Other lives do matter
WEEKS AFTER A SIERRA LEONE MUDSLIDE KILLED HUNDREDS, RECOVERY REMAINS SLOW
MUCH has been written in recent weeks about the disastrous damage wrought by Hurricanes Irma and Harvey and the vast sums of money that will be required to get Florida and Texas back on track.
Little mention though is made of the disaster of epic proportions that struck the African nation of Sierra Leone last month.
Five weeks have passed since torrential rains caused widespread flooding and a mountainside to collapse on the outskirts of its capital, Freetown, sending a deadly blanket of mud into several communities.
Life is gradually returning to normal, but it will be a long time before recovery in complete.
“We’re getting there, but the pace is still slow,” said Ramatu Jalloh, director of advocacy and communications for Save the Children in Sierra Leone.
About 500 people were killed, more than 600 are believed missing, and almost 2,000 homes were as a result of the August 14 mudslide, according to humanitarian aid workers. Almost 6,000 people were affected by the disaster, the International Organisation for Migration said.
The disaster was another grim chapter in the recent history of the poverty-stricken West African nation that has endured more than a decade of civil war and an Ebola crisis in which almost 4,000 people died.
Experts said poor infrastructure, deforestation and the construction of shoddy informal settlements on eroded hillsides contributed to the mudslide’s death toll.
“While flooding is a natural disaster, the scale of the human tragedy in Freetown is, sadly, very much manmade,” Makmid Kamara, Amnesty International’s deputy director of global issues, said in a recent statement. “The authorities should have learned lessons from previous similar incidents and put in place systems to prevent, or at least minimise, the consequences of these disasters.”
Destructive floods are common in Freetown, but “due to a lack of regulation and insufficient consideration for minimum standards and environmental laws, millions of Sierra Leoneans are living in dangerously vulnerable homes”, the Amnesty International official added.
The primary focus of the recovery effort is on the hardest hit areas, Jalloh said. But other communities that were less affected by the mudslide but were still inundated, such as the densely populated slum community of Kroo Bay, were still in dire need of help, she said.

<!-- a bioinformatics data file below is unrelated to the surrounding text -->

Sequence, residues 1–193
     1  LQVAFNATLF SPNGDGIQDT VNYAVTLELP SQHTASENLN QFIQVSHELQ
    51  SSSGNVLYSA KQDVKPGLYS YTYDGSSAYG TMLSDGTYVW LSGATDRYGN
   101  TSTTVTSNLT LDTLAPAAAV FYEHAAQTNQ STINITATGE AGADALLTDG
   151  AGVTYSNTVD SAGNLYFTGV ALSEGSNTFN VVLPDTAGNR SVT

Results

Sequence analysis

Many roads in the mudslide zone remain impassable, getting food is difficult, and structures – many of them shanties that once provided shelter in the port city of about 1 million people – are now buried in muck.
The government had initially decided to house displaced residents with host families whose homes remained intact, but that proved to be impractical, said Zynab Kamara, emergency response manager in Sierra Leone for the international charity ActionAid.
“Most people are struggling with livelihoods right now ... so to put more people into a family that’s already crowded has its own dynamics and its implications,” the manager said.
Tent camps have since been erected to temporarily house the displaced, many of whom initially sought refuge in schools, mosques, churches, community centres, and with friends and family.
Lack of access to potable water is of great concern, aid workers said.
“The floods affected the water infrastructure and contaminated existing water sources,” said Phebeans Oriaro Weya, Oxfam’s acting country director for Sierra Leone.
The World Health Organisation warned that residents of affected areas were particularly vulnerable to outbreaks of infectious diseases, such as malaria, typhoid and cholera.
The last major cholera outbreak in Sierra Leone was in 2012, according to the WHO.
Weya said Oxfam was working with partners, including Save the Children, Concern Worldwide and Action Against Hunger, to provide drinking water to hundreds of those in need, including supplying bottled water and trucking water to communities.
People queue to register at the Saio Elementary Community School after the mudslides in Freetown, capital of Sierra Leone, on August 19.
People receive clothes at the school after the catastrophe.